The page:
Grantham SAS veteran still looking for medals lost in London
An SAS veteran from Barrowby is still looking for a number of medals and clothing lost in London while visiting a Remembrance event.
Peter Bennett, 80, who suffers from dementia, lost his SAS beret, his overcoat and bag and nine medals between the service and when he returned home to Grantham the following day, his family said.
A number of items have since been found including some miniature versions of the medals and a bag at Leeds railway station, but Mr Bennett discovered medals and items of clothing were still missing.
His daughter Giulia said: “My father has found his bag, which contained some of his medals but he is still missing his coat, SAS beret and large medals as shown in the photo.”
Mr Bennett visited London for the opening of the Field of Remembrance at Westminster Abbey on Thursday, when Prince Harry and the Duke of Edinburgh paid tribute to Britain’s fallen soldiers. Among the decorations were service medals from his time in Oman, Yemen and Malaya.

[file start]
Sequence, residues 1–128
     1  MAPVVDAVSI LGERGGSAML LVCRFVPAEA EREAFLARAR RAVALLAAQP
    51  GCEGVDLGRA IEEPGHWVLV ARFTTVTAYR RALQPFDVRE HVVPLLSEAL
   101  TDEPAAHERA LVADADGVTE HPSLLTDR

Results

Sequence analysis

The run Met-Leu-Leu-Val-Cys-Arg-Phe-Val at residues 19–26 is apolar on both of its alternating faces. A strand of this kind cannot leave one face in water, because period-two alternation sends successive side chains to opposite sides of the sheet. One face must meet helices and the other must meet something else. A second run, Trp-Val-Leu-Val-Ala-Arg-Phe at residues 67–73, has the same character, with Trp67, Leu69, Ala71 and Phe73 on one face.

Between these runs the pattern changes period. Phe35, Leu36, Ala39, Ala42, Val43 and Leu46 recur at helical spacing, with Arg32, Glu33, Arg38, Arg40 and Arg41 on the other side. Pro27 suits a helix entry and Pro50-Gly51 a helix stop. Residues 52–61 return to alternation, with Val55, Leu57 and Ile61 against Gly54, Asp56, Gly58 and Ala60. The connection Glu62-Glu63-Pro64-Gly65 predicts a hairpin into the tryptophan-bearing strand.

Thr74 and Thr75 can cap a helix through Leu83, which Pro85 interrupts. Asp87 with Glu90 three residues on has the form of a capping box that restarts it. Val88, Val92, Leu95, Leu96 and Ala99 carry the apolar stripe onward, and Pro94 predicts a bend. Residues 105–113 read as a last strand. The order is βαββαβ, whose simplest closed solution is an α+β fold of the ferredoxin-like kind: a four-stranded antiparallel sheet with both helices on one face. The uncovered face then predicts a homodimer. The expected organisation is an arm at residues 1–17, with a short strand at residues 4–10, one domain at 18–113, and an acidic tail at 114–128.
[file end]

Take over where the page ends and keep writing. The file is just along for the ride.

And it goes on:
Mr Bennett took part in a local Remembrance service on Sunday morning carrying a banner for the Royal British Legion and kept wondering where his medals were, his daughter Giulia Bennett said.
“He is obviously asking for them, and he gets a bit upset when he remembers and realises he doesn’t have them. We are just more upset for him really, and angry with ourselves that he was on his own without care.”
Mr Bennett was just 19 when he joined the SAS in 1954, after doing National Service with the 12 Lancers Royal Cavalry.
He spent his 21st birthday in the jungle of Malaya - a date he hid from his colleagues to avoid any unpleasant surprises - and went on to serve in the Gulf for a number of years.
He served in Oman with Johnny Cooper, one of the founders of the SAS, his family said, and spent time in Yemen with Colonel Jim Johnson, who was responsible for running Britain’s secret war against Egyptian forces there during the mid-1960s.
At one point, Mr Bennett told his family, he and his colleagues knew Sir Ranulph, who fought in Oman, and helped get him out of trouble “a couple of times”, before he finally came home in 1967.